Blog Entry

Let the great Lin debate begin

Posted on: February 12, 2012 12:51 am
Edited on: February 12, 2012 1:19 am
Jeremy Lin was just 8-24 from the field Saturday but still got the win. (Getty Images)
By Matt Moore 

And now the fun part begins. Jeremy Lin is no longer undeniable nor deniable after the Knicks100-98 win over the Timberwolves. Let me take you down the road of point/counterpoint that will be hashed and re-hashed over the next 48 hours.

"Lin got the win, that's all that matters."

"Lin was inefficient and missed 14 shots from the field."

"Lin managed to pull 20 points and 8 assists while playing a quality defensive team surrounded by Tyson Chandler, Steve Novak, and Landry Fields as his best weapons."

"A good story doesn't erase a poor game."

"It was the Knicks' third game in four nights, and a back-to-back. The kid has logged long minutes. Everyone gets tired this year."

"It was against the 13-15 Timberwolves." 

"The Wolves are 15th in efficiency differential (12th in defensive efficiency), were above .500 before the Kevin Love suspension. And didn't the win over the Lakers kill the 'strength of schedule' argument?"

"The defense figured him out in the second half."

"Not enough."

And both sides are correct. It was not a great performance by Lin, but it was enough to help the Knicks win. It was inefficient, but highly productive. Lin made some poor plays, and some brilliant ones. Lin is entering the next phase of what happens when you're a phenomenon. And while Lin is not worthy of being compared to the great players of this league, not even close, if we examine this five game stretch as a microcosm of how analysts, fans, and media react to polarizing players, this is the next evolution.

Good enough for the supporters to herald, poor enough for the backlash to begin. Did he win the game, even when he hit the game-winning free throw, or was it defense and poor execution by Minnesota late that kept the Knicks' Linning streak alive? Did he struggle because he was exhausted from hoisting a team without Carmelo Anthony and Amar'e Stoudemire, half their payroll, and on a back-to-back, third-in-four? Or was it Minnesota figuring him out?

The debate will rage. His supporters are validated by the simplified 20-8-6-3 line and a win, the backlash buoyed by his turnovers and shooting percentage. And the answer lies in the middle.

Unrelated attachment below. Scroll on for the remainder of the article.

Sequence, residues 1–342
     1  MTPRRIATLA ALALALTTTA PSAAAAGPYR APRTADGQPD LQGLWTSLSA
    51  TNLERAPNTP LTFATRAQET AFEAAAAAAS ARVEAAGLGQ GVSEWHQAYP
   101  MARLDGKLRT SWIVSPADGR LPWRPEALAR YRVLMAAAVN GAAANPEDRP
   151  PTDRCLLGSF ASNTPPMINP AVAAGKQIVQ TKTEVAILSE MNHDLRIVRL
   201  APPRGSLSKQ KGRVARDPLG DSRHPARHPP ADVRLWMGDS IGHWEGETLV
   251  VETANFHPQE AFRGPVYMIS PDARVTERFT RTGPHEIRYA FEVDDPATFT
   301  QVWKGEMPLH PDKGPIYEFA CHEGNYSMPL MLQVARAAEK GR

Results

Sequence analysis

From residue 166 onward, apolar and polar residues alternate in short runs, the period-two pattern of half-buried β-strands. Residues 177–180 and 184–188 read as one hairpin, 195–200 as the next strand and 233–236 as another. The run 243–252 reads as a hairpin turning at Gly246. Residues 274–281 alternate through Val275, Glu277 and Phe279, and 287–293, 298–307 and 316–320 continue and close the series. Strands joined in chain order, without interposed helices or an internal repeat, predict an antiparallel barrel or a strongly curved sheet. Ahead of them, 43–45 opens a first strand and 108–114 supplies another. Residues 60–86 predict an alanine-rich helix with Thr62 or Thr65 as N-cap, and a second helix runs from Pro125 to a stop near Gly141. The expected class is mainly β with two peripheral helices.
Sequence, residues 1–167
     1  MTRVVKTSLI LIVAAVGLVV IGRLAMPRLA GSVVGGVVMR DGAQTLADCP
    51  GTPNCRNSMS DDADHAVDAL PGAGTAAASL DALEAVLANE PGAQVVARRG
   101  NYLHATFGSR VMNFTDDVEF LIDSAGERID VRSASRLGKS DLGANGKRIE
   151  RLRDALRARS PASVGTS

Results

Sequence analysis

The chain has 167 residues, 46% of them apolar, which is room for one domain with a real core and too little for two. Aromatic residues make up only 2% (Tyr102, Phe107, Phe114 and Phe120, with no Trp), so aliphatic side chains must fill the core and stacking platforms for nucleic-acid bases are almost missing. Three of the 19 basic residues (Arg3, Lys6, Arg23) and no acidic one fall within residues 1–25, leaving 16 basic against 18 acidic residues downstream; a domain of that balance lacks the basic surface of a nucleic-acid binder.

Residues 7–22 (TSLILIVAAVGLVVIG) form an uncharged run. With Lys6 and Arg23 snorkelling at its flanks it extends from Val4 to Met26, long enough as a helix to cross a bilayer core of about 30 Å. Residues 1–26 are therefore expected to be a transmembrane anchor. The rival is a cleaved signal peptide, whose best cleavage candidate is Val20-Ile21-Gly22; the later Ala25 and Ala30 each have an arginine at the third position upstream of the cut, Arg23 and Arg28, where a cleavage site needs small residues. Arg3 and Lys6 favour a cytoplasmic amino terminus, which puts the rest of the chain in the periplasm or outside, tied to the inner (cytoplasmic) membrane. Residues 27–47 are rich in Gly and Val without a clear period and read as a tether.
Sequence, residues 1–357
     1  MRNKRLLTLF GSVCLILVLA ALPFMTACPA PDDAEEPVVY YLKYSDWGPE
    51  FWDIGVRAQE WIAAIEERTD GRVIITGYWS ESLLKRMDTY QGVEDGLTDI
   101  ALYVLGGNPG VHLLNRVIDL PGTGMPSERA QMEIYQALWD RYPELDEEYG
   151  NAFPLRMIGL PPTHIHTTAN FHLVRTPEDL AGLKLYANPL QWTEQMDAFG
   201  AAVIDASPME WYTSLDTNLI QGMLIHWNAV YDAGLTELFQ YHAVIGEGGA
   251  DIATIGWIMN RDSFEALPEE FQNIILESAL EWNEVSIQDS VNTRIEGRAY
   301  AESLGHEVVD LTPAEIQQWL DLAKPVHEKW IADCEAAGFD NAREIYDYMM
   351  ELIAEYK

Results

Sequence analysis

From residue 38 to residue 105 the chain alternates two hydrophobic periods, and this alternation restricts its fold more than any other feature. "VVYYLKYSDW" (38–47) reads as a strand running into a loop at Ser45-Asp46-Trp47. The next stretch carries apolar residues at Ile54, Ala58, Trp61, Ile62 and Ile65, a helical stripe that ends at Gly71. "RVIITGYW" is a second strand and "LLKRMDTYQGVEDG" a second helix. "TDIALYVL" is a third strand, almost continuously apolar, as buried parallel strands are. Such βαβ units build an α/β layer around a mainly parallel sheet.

Lin was clearly exhausted, as the elevation on his second-half shots reveals. He would land and take longer to recover to his feet. He looked winded, he drifted to the edges at times, and admitted after the game everyone was tired.

But Lin also admitted that the Timberwolves did a good job defending him. And they did. It's been no secret since Lin's first explosive performance that the key is forcing him left. Lin is notably weaker with his left, and in fact, the Wolves shaded him constantly to his left. When Lin attempted to move right in the pick and roll, a second defender would pop to the elbow to drive him back left.

That said, Lin missed several very makeable shots going to his left, including a floater over Nikola Pekovic and a bank shot over Love. Pekovic may have been the biggest difference maker. Not only did he challenge Lin at the rim, but he managed to keep with him laterally without fouling. Most teams don't have a defender of that quality (speaking of players who came out of nowhere), but it does show that Lin is more than mortal.

And yet.

Lin also forced several possessions, often getting into the air and trying to finish with floaters over three defenders instead of passing out to a wide-open corner man, which he has done so much during this streak. Some of that is exhaustion wearing on his decision-making. Some of it is just forcing it.

Do we need to make excuses, though? Hasn't Lin already proved himself, especially since he had a poor game by the new established standards for him and still won the game with 20 points and 8 rebounds? Should we hold him to a higher standard, considering what should be lowered expectations?